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Public Statements

Payroll Tax Cut

Floor Speech

Location: Washington, DC

Mr. McCONNELL. Mr. President, I want to make a couple of observations this morning about the bipartisan support that exists for extending a payroll tax holiday. I will start with the obvious: Republicans strongly support extending this tax cut for the rest of the year. Americans have suffered long enough as a result of this President's economic policies. They do not need to suffer more because of his failure to turn the economy around 3 years into his administration.

But the fact is any solution requires both sides to engage in good-faith negotiations. When my friend, the majority leader of the Senate, comes to the floor and says that Republicans in Congress are only willing to extend this tax cut if they are allowed to poison Americans' drinking water, then I think it is pretty safe to say it is time for fewer partisan attacks and more efforts to finish the job.

When a tax hike that has been rejected repeatedly by Members of both parties over the past year is the opening bid in a negotiation, I think it is safe to say that Democrats are more interested in scoring political points than in scoring a tax cut that millions of middle-class Americans are counting on.

When the majority leader of the Senate suddenly announces he is working on a proposal of his own to extend this tax cut, even as the conference committee is in the midst of negotiating a bipartisan solution that everybody can support, I think it is pretty obvious where the problem lies. It is with the Democratic majority and a President who we thought were elected to lead.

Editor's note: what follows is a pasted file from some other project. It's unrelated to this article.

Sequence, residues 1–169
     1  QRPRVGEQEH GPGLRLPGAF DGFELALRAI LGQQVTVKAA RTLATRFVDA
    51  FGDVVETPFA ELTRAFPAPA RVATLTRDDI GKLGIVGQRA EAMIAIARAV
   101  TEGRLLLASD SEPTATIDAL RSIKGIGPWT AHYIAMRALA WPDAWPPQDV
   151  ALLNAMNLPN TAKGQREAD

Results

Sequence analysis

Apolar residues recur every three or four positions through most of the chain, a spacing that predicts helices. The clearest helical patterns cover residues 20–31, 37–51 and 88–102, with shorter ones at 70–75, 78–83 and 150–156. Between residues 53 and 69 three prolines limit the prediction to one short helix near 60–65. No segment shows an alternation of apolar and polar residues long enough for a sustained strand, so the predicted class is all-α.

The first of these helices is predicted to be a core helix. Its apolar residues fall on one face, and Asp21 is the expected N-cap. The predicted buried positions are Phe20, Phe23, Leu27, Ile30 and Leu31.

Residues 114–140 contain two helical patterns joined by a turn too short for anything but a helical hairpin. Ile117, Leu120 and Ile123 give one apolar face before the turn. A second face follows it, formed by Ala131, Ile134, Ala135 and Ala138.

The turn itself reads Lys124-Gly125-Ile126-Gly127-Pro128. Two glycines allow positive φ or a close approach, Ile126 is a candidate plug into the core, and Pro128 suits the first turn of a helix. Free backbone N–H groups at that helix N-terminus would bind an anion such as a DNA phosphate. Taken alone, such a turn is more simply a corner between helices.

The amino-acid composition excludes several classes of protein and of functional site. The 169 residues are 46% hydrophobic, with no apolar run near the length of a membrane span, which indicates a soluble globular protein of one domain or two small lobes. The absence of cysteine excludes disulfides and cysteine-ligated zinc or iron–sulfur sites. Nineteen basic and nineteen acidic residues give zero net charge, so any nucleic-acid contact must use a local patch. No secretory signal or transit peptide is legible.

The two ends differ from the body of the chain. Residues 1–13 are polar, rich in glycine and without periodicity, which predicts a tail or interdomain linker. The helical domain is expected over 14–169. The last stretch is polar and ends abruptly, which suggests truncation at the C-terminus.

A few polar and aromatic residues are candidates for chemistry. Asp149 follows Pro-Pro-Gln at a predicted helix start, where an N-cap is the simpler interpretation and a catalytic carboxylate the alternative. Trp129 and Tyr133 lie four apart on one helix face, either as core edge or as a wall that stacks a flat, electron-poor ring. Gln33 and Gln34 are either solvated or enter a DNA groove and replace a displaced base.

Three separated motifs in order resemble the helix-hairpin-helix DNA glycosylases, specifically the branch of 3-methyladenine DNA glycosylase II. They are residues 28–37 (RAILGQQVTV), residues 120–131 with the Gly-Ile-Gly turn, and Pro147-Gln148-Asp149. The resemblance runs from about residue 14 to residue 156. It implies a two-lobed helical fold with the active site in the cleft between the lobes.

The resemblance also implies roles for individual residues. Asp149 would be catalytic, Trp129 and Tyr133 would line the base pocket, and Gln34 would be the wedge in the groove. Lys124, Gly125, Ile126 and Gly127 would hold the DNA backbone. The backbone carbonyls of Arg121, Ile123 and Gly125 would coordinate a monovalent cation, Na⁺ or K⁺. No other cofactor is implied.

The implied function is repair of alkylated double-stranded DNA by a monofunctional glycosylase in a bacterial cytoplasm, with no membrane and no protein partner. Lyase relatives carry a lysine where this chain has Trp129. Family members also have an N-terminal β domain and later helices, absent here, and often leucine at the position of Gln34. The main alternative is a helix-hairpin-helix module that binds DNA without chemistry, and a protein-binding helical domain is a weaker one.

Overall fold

I think most Americans would expect that at a moment such as this, when a solution to a pressing problem is sought, the majority party bears the responsibility to find it. It is worth noting that in the House, the majority party did its work and passed a 1-year extension. Yet all we get from the Democratic majority in the Senate are exaggerated claims, ad hominem attacks, and false accusations aimed at delaying a solution rather than achieving one.

So I would remind my friend the majority leader that the particular piece of legislation he railed against yesterday as an effort to poison people has broad bipartisan support, including 12 Democratic cosponsors here in the Senate--and rightly so in the midst of a jobs crisis. We should seize every opportunity we have to help job creators at a time when more than 13 million Americans are looking for work and can't find it.

The only thing controversial about this proposal--the only thing controversial about this proposal--is the idea of opposing it.

I would also remind the majority leader that the Federal pay freeze received more than 300 votes in the House, and that he himself already agreed to spending cuts during negotiations this past fall that would cover the cost of extending this payroll tax cut for the remainder of the year.

So let us allow the conferees to finish their work and get this payroll tax cut extended for the rest of the year. That is what Republicans want. That is what the President says he wants. And there is no reason we shouldn't be able to get this done. The Democratic majority of the Senate should be leading that effort, not rooting for its failure.

I yield the floor.

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